Outside of social media, I have found that my favourite pieces are ones I can wear easily, without recognition – mostly because this lowers the risk of theft. As certain watches attain hype-status, two things happen; Values rise, and recognition becomes more likely. When I got the Vacheron 4500V, I used to wear it openly, because I got it at a discount, and nobody cared about it, and therefore would-be thieves weren’t really on the lookout for it either. Now, 9 months later, it trades at 50% over retail and is vastly more recognisable; as a result, I wear it less frequently and always under a sleeve. This is truly unfortunate, but not unusual in most parts of the world, as @watchtaster has been highlighting in his recent stories.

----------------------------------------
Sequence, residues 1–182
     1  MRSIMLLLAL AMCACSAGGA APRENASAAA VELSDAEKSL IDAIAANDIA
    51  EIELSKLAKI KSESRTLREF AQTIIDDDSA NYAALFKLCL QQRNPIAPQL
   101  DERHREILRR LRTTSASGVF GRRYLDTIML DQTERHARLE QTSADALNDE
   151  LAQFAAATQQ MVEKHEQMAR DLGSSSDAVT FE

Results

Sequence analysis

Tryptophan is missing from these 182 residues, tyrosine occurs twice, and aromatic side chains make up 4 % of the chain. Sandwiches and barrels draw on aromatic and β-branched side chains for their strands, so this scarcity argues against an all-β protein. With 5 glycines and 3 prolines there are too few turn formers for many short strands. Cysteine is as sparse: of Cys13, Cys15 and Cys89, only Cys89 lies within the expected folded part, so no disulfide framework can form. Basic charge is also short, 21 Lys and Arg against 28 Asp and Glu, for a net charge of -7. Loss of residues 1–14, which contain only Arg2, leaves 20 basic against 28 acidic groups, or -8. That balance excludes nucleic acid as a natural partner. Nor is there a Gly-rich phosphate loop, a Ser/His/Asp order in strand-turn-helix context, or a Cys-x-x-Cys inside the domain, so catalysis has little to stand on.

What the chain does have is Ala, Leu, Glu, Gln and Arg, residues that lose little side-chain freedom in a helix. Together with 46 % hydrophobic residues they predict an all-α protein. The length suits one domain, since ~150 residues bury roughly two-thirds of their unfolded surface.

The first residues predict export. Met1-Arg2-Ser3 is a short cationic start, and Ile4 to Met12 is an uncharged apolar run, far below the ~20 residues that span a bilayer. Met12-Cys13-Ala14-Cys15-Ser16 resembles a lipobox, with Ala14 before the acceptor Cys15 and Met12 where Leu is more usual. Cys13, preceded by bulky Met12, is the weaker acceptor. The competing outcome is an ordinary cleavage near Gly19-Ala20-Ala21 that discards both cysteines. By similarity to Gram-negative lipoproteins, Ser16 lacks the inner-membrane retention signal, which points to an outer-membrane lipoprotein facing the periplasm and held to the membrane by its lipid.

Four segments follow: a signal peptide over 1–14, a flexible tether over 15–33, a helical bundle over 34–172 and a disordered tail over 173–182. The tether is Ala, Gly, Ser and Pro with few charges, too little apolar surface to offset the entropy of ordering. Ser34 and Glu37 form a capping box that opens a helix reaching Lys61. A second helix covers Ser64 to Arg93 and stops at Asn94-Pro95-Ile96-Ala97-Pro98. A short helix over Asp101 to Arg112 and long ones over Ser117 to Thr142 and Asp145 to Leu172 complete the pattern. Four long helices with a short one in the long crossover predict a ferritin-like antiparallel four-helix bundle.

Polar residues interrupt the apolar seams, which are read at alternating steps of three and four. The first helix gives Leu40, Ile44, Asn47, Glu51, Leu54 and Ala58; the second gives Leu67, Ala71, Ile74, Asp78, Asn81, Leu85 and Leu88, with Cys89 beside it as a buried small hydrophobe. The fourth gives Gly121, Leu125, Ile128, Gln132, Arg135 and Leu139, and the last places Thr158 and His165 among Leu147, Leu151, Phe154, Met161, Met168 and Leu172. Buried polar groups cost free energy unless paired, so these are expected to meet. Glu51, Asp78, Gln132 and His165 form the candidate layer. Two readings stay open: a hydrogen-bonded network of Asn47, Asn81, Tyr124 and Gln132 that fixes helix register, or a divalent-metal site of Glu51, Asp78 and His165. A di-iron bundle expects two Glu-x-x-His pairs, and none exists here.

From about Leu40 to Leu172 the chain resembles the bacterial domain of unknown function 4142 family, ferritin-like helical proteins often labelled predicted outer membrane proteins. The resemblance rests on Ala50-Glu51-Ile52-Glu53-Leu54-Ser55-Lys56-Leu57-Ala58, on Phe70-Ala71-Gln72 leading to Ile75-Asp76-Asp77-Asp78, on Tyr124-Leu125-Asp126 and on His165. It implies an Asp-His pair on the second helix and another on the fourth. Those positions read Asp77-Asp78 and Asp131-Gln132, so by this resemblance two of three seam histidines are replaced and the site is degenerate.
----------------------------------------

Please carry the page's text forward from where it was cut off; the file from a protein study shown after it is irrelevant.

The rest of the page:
Now, the truth is, there is a certain amount of validation you might feel when you see your watches appreciate in value to unthinkable heights; You might feel really smart for picking a winner – but this feeling is fleeting because you quickly realise it isn’t real money, and in order to realise a gain, you have to sell the watch. This is where buying watches which you don’t plan to sell, will keep you from attaching too much weight to the market value – regardless of which direction it goes.